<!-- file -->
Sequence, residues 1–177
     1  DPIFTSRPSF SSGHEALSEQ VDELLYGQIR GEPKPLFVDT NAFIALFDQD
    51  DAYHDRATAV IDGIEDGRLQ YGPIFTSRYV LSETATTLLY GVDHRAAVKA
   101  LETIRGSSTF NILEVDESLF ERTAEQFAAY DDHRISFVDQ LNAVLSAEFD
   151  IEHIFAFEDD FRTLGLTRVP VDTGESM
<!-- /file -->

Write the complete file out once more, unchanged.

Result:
Sequence, residues 1–177
     1  DPIFTSRPSF SSGHEALSEQ VDELLYGQIR GEPKPLFVDT NAFIALFDQD
    51  DAYHDRATAV IDGIEDGRLQ YGPIFTSRYV LSETATTLLY GVDHRAAVKA
   101  LETIRGSSTF NILEVDESLF ERTAEQFAAY DDHRISFVDQ LNAVLSAEFD
   151  IEHIFAFEDD FRTLGLTRVP VDTGESM